Java’s functional Consumer interface

Quite often, a Java Stream or other component needs an object passed thereto to perform some form of calculation or process, but when the method is complete, nothing returns from the tactic. this is often where Java’s functional Consumer interface comes in handy. According to JavaDoc, the patron interface accepts any object style as input. The java.util.function.

The consumer class has one non-default method named accept which takes one object as its argument and contains a void return type.

eg.    java.util.function.Consumer<T>

Functional programming with Consumer

Sometimes programmers of new lambdas and streams get intimidated by the components defined within the java.util.function package, so I always wish to remind developers that each one of all the interfaces defined during this package follows all of the standards and pre-Java 8 rules for implementing interfaces.

As such, you’ll incorporate the functional Consumer interface into your code just by creating a category that implements the java.util.function.Consumer, or by coding an inner class

 Implement a Consumer with a Java class

Here is the Java Consumer function implemented using a Java class instead of a lambda expressions

class ConsumerExample implements Consumer<Long> {

  public void accept(Long t) {




Inside a main method or any other piece of Java code, the ConsumerExample class can be instantiated according to traditional Java syntax rules

/* Java Consumer example using a class */

ConsumerExample ce = new ConsumerExample();

ce.accept(new Long(4));


Also, an inner class can be used

/* Functional Consumer example using inner class */

Consumer<Long> innerConsumer = new Consumer<Long>() {


  public void accept(Long u) {




I like to use a verbose lambda syntax when demonstrating how they work, but one in all the explanations for using lambda expressions is to form Java less verbose. in order that the lambda expression above is written in a way more concise manner this is often the feature of consumer interfaces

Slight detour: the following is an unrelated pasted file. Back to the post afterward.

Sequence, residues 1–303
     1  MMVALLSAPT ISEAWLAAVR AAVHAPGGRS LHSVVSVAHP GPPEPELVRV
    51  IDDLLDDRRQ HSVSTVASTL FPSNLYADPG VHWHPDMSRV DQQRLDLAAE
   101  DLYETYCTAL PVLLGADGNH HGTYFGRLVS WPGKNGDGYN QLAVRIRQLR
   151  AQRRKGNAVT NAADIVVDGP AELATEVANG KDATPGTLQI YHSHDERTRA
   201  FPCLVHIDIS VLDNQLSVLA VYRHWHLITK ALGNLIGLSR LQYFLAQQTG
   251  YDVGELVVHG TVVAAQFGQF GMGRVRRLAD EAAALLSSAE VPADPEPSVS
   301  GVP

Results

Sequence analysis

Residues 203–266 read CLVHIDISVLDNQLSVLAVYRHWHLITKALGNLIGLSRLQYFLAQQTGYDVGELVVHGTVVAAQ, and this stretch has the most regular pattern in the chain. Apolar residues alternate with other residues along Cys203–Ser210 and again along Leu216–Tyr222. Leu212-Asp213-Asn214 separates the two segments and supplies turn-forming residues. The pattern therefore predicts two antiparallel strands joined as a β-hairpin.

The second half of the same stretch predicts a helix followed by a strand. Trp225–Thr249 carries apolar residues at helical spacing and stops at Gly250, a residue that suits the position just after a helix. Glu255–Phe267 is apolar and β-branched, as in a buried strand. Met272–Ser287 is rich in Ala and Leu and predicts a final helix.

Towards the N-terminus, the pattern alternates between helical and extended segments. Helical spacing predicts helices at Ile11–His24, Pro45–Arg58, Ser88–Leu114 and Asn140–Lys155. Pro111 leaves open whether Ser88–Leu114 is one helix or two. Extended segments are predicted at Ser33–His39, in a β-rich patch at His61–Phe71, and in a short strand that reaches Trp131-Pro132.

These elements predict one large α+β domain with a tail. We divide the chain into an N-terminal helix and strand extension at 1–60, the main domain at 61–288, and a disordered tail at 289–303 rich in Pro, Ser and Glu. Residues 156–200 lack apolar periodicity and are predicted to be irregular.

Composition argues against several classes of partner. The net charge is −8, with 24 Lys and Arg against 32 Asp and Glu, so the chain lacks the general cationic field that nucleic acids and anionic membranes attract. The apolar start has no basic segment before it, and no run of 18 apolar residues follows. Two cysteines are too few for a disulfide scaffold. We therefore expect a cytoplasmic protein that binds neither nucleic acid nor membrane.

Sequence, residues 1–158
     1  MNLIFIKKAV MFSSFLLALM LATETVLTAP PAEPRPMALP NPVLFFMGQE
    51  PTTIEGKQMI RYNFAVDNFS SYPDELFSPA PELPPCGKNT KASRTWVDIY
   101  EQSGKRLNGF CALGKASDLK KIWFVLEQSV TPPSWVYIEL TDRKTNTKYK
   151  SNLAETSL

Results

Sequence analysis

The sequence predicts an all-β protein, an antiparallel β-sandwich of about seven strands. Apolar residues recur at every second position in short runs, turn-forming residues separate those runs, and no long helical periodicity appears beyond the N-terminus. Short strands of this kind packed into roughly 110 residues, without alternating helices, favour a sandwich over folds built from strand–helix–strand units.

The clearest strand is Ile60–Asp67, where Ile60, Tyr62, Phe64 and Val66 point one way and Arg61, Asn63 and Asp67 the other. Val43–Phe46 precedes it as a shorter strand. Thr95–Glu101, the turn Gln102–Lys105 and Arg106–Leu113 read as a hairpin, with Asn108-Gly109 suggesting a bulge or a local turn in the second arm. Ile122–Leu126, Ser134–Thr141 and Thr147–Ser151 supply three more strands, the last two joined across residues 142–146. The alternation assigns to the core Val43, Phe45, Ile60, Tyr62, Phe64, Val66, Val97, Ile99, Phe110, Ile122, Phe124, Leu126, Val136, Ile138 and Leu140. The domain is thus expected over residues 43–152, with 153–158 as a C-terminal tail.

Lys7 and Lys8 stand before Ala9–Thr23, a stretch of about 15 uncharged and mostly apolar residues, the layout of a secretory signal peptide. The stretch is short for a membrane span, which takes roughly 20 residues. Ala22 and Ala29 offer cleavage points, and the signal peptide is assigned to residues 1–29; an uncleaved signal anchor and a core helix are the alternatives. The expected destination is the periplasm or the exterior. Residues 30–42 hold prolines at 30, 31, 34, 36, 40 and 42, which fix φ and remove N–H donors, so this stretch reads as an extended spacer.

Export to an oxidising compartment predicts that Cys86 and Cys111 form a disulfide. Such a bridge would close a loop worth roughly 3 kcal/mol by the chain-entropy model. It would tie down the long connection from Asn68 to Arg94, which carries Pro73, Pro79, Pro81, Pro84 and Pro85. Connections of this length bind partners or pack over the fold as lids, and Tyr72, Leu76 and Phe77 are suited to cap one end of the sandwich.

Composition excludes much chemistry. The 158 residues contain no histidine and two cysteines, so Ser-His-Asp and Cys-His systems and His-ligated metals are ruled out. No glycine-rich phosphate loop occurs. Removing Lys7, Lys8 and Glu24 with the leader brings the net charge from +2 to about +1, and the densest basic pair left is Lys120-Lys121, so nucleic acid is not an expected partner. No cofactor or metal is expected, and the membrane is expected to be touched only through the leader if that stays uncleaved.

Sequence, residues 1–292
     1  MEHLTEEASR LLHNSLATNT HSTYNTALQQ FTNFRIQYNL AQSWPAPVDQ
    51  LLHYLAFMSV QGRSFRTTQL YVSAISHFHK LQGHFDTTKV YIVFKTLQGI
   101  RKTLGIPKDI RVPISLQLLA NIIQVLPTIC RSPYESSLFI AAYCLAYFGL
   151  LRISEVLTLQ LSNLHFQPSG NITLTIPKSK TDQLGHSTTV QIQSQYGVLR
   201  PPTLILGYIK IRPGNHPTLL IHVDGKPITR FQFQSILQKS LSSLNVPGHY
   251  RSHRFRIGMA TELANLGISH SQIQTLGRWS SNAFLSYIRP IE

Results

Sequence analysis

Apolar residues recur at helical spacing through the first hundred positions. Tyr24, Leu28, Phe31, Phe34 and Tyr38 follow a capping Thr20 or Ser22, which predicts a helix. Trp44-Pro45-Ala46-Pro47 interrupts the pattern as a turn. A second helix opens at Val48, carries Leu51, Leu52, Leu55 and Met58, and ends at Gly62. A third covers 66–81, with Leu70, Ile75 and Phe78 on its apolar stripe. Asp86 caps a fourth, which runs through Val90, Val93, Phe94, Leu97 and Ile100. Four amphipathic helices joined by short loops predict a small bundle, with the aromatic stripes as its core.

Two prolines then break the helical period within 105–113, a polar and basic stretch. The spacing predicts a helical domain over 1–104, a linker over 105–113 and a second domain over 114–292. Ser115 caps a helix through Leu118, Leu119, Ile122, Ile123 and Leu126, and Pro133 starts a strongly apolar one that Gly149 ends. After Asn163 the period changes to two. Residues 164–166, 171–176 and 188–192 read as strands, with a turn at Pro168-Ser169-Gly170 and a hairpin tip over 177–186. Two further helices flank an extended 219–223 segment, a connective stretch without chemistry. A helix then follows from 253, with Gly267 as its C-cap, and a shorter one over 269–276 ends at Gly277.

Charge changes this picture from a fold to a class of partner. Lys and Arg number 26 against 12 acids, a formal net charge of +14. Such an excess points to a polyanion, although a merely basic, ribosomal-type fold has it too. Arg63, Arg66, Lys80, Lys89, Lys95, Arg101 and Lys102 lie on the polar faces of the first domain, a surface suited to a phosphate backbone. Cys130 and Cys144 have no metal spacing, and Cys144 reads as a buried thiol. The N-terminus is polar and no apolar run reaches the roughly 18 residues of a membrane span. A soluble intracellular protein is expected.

Consumer<Long> conciseLambda = U -> System.out.println(U*U);

conciseLambda.accept(new Long(30))


Sample Consumer interface use cases-

The functional Consumer interface is employed extensively across the Java API, with a variety of classes within the java.util.function package, like ObjIntConsumer, BIConsumer, and IntConsumer providing extended support to the fundamental interface.

Furthermore, a spread of methods within the Java Stream API takes the functional Consumer interface as an argument, including methods like collect, forEach, and peek.

There are only some key interfaces you would like to master so as to become a competent functional programmer. If you understand the concepts laid and move into this functional Consumer interface example, you’re well on your thanks to mastering the updated Java APIs.

Consumer tutorial code


            import java.util.ArrayList; 

            import java.util.List; 

            import java.util.function.Consumer; 

            public class ConsumerInterfaceExample { 

            static void addList(List<Integer> list){   

            int result = 



            System.out.println("Sum of list values: "+result);


            public static void main(String[] args) {  

                        List<Integer> list = new ArrayList<Integer>(); 





            Consumer<List<Integer>> consumer = ConsumerInterfaceExample::addList; 





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